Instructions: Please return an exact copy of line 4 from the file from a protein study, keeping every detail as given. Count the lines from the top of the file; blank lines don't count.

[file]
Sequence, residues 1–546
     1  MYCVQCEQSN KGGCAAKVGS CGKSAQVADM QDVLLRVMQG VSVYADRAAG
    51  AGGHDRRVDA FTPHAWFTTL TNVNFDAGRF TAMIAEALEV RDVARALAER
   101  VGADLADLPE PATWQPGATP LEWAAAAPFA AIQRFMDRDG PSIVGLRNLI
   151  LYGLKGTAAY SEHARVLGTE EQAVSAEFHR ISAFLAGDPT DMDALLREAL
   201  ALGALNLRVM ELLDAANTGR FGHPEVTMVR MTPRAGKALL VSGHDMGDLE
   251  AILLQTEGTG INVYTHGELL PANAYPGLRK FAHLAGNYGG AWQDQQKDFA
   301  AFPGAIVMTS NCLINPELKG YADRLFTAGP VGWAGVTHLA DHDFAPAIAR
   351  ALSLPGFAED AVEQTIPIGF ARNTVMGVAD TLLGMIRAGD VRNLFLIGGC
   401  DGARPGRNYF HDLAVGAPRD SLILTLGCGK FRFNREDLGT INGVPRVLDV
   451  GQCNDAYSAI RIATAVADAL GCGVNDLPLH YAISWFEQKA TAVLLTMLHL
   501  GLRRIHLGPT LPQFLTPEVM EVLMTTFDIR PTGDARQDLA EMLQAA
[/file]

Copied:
   101  VGADLADLPE PATWQPGATP LEWAAAAPFA AIQRFMDRDG PSIVGLRNLI